The Tulane men’s basketball team is on edge.

A combination of missed opportunities and stunted momentum has Tulane in a sour mood as it completes its three-game homestand Tuesday at 6 p.m. against Tulsa in Devlin Fieldhouse.

Just a week after jumping to its best conference record in seven years, Tulane’s season suddenly is teetering on the edge of irrelevance. After a dispiriting 66-52 loss to SMU on Wednesday, the Green Wave (13-7, 4-4 American) watched its chance to sweep Memphis fade away in the final 5 seconds of Saturday night’s 57-55 defeat in the Smoothie King Center

“We just have that edge about us,” junior guard Louis Dabney said. “We just feel like this next game is a must-win. We just need to control our homecourt, and we need this game to just get back on track to how we were playing in the earlier part of conference and to prove a point.”

It will be a difficult point to make. With the AAC’s current No. 1 seed, the Golden Hurricane (14-5, 7-0), making its way to New Orleans, there’s a palpable sense that Tulane is facing a potential crossroads. Not only is it trying to avoid a three-game home losing streak, it’s also trying to keep pace in an increasingly competitive league that pushed the Green Wave from second place to seventh in just two games.

While coach Ed Conroy insisted his team’s resilience is beyond question and improvement is taking place on the floor, there’s added pressure to turn some of those positive feelings into victories.

“We want to get back out there because we feel like we owe somebody something,” senior guard Jay Hook said. “We just want to hold it down against Tulsa, who is the No. 1 team in the conference and gives us something to prove. We try not to think about the losses (to Memphis and SMU), but you want to hold that grudge and not let that feeling go. It’s about taking it into practice, so not thinking about the loss necessarily, but using the feeling of losing to keep you focused.”

It’s a feeling Tulsa is unfamiliar with in 2015. After starting the season an inauspicious 5-5, bottoming out in losses to Southeastern Oklahoma State and Oral Roberts, it didn’t appear Tulsa was on the path to the top of the AAC.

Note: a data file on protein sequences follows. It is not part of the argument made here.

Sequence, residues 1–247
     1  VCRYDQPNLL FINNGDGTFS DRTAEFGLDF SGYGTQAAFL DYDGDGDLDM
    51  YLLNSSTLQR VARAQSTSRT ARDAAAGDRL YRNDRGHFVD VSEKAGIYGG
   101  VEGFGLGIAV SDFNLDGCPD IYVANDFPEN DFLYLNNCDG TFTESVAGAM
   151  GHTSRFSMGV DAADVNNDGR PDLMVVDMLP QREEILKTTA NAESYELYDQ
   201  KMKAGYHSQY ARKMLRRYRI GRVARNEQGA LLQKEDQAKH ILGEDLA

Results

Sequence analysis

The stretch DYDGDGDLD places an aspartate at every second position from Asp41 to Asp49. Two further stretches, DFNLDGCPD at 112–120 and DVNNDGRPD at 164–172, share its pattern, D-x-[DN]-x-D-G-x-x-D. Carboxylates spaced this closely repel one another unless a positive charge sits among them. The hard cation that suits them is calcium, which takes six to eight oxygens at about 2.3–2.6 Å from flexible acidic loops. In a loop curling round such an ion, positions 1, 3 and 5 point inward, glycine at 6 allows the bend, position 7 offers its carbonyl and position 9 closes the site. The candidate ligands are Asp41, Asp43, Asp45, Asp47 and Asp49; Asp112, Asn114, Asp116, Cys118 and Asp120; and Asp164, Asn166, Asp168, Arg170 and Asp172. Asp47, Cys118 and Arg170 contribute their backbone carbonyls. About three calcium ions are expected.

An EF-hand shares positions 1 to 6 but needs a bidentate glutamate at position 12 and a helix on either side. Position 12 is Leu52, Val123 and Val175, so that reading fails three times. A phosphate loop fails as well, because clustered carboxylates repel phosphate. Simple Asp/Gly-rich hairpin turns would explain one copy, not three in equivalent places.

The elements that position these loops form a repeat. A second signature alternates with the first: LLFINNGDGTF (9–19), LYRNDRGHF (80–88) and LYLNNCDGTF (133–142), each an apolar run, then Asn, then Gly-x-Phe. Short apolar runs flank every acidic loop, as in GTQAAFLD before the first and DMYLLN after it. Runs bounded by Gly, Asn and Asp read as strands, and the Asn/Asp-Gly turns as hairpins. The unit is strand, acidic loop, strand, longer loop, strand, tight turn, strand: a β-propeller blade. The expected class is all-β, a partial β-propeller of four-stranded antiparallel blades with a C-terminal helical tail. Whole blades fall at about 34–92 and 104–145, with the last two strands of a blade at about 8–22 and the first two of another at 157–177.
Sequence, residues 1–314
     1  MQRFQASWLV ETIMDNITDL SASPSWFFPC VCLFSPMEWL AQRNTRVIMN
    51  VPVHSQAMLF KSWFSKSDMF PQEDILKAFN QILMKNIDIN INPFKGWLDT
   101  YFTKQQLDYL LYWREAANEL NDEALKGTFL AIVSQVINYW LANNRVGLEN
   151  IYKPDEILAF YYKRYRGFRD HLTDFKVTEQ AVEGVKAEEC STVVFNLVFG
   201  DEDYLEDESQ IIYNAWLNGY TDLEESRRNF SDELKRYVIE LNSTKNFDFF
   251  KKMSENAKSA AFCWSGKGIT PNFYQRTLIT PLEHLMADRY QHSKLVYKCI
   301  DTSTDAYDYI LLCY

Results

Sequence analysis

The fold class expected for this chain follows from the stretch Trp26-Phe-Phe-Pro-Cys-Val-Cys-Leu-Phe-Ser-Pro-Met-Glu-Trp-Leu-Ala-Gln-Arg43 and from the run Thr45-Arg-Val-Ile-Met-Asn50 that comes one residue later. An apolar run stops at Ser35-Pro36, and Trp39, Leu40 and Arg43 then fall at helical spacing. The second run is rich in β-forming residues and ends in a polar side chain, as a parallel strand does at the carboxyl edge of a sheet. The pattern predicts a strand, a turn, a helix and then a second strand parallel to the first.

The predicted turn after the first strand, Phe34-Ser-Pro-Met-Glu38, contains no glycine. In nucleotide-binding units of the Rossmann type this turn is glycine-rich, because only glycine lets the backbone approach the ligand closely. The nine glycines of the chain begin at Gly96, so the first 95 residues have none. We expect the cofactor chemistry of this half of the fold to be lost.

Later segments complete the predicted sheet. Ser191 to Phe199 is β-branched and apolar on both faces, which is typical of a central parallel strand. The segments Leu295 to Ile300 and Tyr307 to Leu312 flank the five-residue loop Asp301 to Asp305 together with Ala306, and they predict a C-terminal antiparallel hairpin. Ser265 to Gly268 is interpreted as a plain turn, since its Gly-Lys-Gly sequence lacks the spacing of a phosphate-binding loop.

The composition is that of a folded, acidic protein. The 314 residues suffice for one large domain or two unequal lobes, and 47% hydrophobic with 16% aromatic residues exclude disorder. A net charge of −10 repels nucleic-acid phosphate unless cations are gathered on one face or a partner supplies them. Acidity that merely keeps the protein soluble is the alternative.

Instead, under new coach Frank Haith, Tulsa has gathered steam. Haith, who formerly was coach at Missouri and Miami, focused his game plan on the backcourt combo of James Woodard and Shaquille Harrison.

The pair ranks second and third among the AAC’s scoring leaders, combining to average 31 points. They present the type of challenge Tulane feels it’s properly prepared for.

Conference losses to Memphis, SMU and Temple were largely the result of powerful post teams overwhelming the undersized Green Wave. The fulcrum point of this matchup, though, will come where Tulane is at its best: in the backcourt.

Dabney, Hook and point guard Jonathan Stark will be heavily relied upon to avoid turnovers in an attempt to short-circuit Tulsa’s dangerous transition game. Offensively, it also will need to be more efficient after converting just 33 percent of its shots in each of the past two games.

“It’s still all about that edge,” Hook said. “Tulsa poses a big challenge for us and we, in the backcourt, will have to share our energy and make sure not to take off any plays. A lot of times Tulsa takes advantage because they’re so aggressive and always pushing.

“So it’s all about getting back out there and putting it right to them and making sure no one backs down at any time.”

Women visit Houston

After Sunday’s 64-45 loss at South Florida, the Tulane women continue their road swing with a 7 p.m. Tuesday matchup at Houston.

Sunday’s game was a battle for second place in the AAC behind Connecticut, but the challenge against Houston is a little less daunting. Tulane (15-4, 6-2) handled Houston (6-13, 1-7) 70-40 on Dec. 30 at Devlin; Danielle Blagg led the way with 14 points.